(Click on images to see a larger version)
Where to start???
The basic design criteria was for a compact controller capable of running a NST, Potential Transformer, or 10kva Pole Pig coil. It needed to include voltage and current controls, interlocks, filtering, indicators, and metering.
A trip to the scrap pile and a little (OK a lot) of imagination can produce all kinds of amazing ideas. Here I see a great cabinet for my new Tesla Coil Power Controller. Can you see it too???
Next I need three big variable auto-transformers.
Isn't this the biggest f'n Powerstat you've ever seen ? At 1100 pounds this should be big enough. Actually I used some of the individual units and sold the rest...
Mix in parts from the scrap pile, parts of the the big Powerstat, some visualization, a lot of sweat, and it starts to take shape.
Here is the completed frame with the first Powerstat (current control/variable inductor) mounted. I'll cut and re threaded the mounting bolts after I determined their exact length...
This shows all three Powerstats (1-current, 2-voltage) mounted in the frame.
You can also see the current control wheel and chain drive to the lower unit. The upper two Powerstats are paralleled utilizing a paralleling inductor and share a common shaft. Also note the integral lifting hooks. These will are necessary since the completed unit will weighs close to 400 lbs...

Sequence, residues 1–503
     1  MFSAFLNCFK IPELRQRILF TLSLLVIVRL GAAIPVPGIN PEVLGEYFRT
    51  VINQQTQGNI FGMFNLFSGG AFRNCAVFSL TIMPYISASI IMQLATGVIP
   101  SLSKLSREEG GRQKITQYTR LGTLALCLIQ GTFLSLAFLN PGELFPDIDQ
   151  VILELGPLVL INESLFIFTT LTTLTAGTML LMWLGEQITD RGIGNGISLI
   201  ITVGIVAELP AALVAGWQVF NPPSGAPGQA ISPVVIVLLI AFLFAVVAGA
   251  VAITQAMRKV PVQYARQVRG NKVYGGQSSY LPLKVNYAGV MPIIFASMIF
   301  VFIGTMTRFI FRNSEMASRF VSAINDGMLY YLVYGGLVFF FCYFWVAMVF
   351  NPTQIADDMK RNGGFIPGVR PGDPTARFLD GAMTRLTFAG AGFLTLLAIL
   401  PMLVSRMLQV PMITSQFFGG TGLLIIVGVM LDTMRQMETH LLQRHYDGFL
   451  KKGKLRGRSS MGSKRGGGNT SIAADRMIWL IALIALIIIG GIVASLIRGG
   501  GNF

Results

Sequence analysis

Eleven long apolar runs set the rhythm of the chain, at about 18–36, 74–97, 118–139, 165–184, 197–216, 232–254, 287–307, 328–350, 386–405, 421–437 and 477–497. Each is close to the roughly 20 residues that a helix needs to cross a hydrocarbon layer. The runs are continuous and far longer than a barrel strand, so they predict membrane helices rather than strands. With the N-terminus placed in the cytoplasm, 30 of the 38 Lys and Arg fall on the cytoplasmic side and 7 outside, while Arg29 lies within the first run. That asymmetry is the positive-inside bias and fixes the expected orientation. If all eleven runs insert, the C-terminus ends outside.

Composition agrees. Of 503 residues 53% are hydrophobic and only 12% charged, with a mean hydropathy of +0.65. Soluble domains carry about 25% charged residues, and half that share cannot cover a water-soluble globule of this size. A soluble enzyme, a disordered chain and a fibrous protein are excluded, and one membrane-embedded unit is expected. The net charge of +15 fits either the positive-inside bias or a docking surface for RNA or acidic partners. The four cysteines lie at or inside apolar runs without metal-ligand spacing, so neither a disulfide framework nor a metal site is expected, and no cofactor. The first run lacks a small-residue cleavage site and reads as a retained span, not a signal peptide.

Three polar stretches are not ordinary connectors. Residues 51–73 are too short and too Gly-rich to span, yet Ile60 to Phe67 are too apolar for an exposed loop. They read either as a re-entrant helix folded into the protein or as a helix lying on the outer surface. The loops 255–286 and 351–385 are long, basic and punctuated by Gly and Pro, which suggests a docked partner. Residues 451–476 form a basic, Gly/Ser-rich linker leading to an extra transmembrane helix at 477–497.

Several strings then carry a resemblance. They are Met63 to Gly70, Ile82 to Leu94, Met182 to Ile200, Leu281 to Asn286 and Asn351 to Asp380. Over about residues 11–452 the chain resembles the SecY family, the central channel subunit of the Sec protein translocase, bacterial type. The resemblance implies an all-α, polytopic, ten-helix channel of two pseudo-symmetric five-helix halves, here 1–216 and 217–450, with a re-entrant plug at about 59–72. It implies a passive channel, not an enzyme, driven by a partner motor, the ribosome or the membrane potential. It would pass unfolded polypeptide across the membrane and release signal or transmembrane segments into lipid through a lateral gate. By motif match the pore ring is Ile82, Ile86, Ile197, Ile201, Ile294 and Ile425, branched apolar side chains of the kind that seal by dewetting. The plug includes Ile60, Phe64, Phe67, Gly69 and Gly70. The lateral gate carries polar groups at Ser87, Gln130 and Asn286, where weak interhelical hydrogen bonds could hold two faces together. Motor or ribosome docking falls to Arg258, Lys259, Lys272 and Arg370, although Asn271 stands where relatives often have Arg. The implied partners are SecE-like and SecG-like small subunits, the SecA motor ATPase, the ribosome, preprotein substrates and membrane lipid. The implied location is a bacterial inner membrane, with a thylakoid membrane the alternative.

Three skins on with two to go. This skinning process was slow going but really made the project come together. You can see the voltage control coming out the top and the current control wheel on the right...
In this phase of construction I needed to formalize the wiring.
This was needed to finalize the design and figure the location of the remaining components. Click on the following to see the "As Built" schematics...
The skins are in place and I've started mounting the components. The steering wheel adjusts the voltage while the wheel on the side controls the current. You can also see the cutouts for the meters and switches. This view is from the operators side...
Most of the wiring is completed at this point (It was a lot more work than I anticipated!).
Note the swing down panels I've incorporated to ease service. The back panel incorporates the line filtering and power connectors. The side panel incorporates the interlock circuitry. You can also see the large cooling fan which can be switched on for high KVA operation.
Some final testing, the resolution of a couple bugs, and labeling the indicators/switches is all that is left at this point. You can see the HV enable switch/indicator on the lower left, the local deadman switch in the center, and the interlock bypass switch on it's right.
Here is a picture of the top and rear (coil side) of the unit after completion and it's blanket to keep it warm and protected.
The construction involved a tremendous amount of work but the unit should last a lifetime. :')
Questions and comments Copyright © 1997,2006 Brian D. Basura This site was last updated 04/02/06